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Laura Seitz, Laura Seitz, Deseret News
Patricia Middleton and her daughter, Samantha Suter, mourn the loss of their son and brother, Spc. Preston J. Suter.

SANDY — A soldier from Sandy was killed Tuesday in Afghanistan when enemy forces attacked his unit with an improvised explosive device, according to the Department of Defense.

Spc. Preston J. Suter, 22, had been serving as a military policeman in Afghanistan since April, his mother Patricia Middleton said. Suter graduated in 2007 from Alta High School — where he played on the varsity basketball team — and had been pursuing a degree in criminal investigation at Snow College when he joined the military to serve his country and help pay for his education.

"He was an awesome kid," said Middleton, who lives in West Valley City. "He was so loveable."

Also killed were Staff Sgt. Joshua A. Throckmorton, 28, of Battle Creek, Mich., and Spc. Jordan C. Schumann, 24, of Port Saint Lucie, Fla. The soldiers were supporting Operation Enduring Freedom and were assigned to the 709th Military Police Battalion, 18th Military Police Brigade, 21st Theater Sustainment Command, Hohenfels, Germany.

The attack occurred in Paktia province, Afghanistan.

Middleton said her son loved the military, but he had also expressed anxiety about serving in Afghanistan. He did not tell her he had enlisted until two days before he was sent overseas, and she said she has worried about him every day since.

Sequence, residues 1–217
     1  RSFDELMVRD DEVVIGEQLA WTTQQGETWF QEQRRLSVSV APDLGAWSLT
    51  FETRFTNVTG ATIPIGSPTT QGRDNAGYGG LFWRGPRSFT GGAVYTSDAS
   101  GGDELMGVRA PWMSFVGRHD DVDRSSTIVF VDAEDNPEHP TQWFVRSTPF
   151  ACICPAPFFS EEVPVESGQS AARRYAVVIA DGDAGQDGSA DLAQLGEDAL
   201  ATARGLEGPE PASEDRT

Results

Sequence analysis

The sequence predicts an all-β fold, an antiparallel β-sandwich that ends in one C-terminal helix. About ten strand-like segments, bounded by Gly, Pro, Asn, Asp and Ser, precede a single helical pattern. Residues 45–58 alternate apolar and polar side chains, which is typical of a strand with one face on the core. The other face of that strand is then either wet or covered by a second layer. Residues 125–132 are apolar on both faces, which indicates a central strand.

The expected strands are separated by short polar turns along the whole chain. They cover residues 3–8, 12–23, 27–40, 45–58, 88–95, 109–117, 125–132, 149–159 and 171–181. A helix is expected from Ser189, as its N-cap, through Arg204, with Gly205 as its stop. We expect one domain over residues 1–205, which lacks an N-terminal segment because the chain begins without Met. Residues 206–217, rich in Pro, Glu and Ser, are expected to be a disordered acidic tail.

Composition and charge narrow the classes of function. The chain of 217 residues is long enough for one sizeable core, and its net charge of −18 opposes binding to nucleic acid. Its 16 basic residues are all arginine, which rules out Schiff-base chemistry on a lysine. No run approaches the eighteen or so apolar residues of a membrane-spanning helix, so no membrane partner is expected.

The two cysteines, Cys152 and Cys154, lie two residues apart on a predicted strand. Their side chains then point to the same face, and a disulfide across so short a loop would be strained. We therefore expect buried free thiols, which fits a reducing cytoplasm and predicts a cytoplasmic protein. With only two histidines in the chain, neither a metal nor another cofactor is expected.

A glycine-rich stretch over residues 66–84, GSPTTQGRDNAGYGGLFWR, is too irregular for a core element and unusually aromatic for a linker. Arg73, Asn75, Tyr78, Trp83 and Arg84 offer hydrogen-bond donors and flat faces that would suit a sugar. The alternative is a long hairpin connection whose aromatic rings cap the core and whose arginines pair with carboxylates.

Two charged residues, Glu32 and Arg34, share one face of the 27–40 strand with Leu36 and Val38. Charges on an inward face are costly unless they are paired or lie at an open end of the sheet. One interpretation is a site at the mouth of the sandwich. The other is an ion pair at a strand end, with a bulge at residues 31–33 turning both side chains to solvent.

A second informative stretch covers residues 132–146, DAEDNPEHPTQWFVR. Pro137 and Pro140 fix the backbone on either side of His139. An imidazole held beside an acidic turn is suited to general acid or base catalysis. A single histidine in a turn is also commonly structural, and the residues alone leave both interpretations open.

Prior to his tour in Afghanistan, Suter had been stationed in Germany, where he met and recently married his wife, Nicole, in April.

"It's the worst thing in the world to bury your child," Middleton said Thursday. "He was going to come home on leave with Nicole and instead he came home in a box."

Middleton met her daughter-in-law for the first time on Wednesday, when Suter's family met at Dover Air Force Base in Delaware to receive Suter's remains. Middleton described her as a "sweetheart" and said Suter loved his wife very much.

The couple met while Nicole was working at a military store at the base where Suter was stationed.

"The story that we got told last night was that he kept going in and going in and going in until she finally went out with him," Middleton said. "That sounds like Preston — persistent."

Alta High School basketball coach Jim Barker said Suter had a good work ethic and was always liked by the other players. At 6 feet 3 inches tall, Suter was often undersized in his position, Barker said, and put in a lot of practice to raise his skill level.

Off the court, Suter was just as motivated. Barker remembers a time when members of the team helped him move homes and Suter, he said, consistently volunteered for the more difficult tasks.

"He was willing to do the extra little hard stuff and that's how he was on the basketball court," Barker said. "It was just his nature to be a hardworking kid."

Samantha Suter described her brother as a strong man and said his military service and his goal of becoming a police officer fit his personality. She said the two of them were very close, especially when they were children.

"He was really loving and he cared about everybody and everything," she said.

Samantha Suter is organizing a candlelight vigil in her brother's honor. It will be held today at 8 p.m. at Alta High School.

Utah Gov. Gary Herbert issued condolences to the Suter family and said state flags will fly at half staff on the day of Suter's memorial services.

"The entire state of Utah mourns with the family of Specialist Suter," Herbert said. "Deeply grateful for the incomparable price he has paid while honorably defending our nation and freedom. Jeanette and I offer sincere condolences to his wife and parents, and heartfelt thanks on behalf of all the people of Utah for his service to the country and this state."

Email: benwood@desnews.com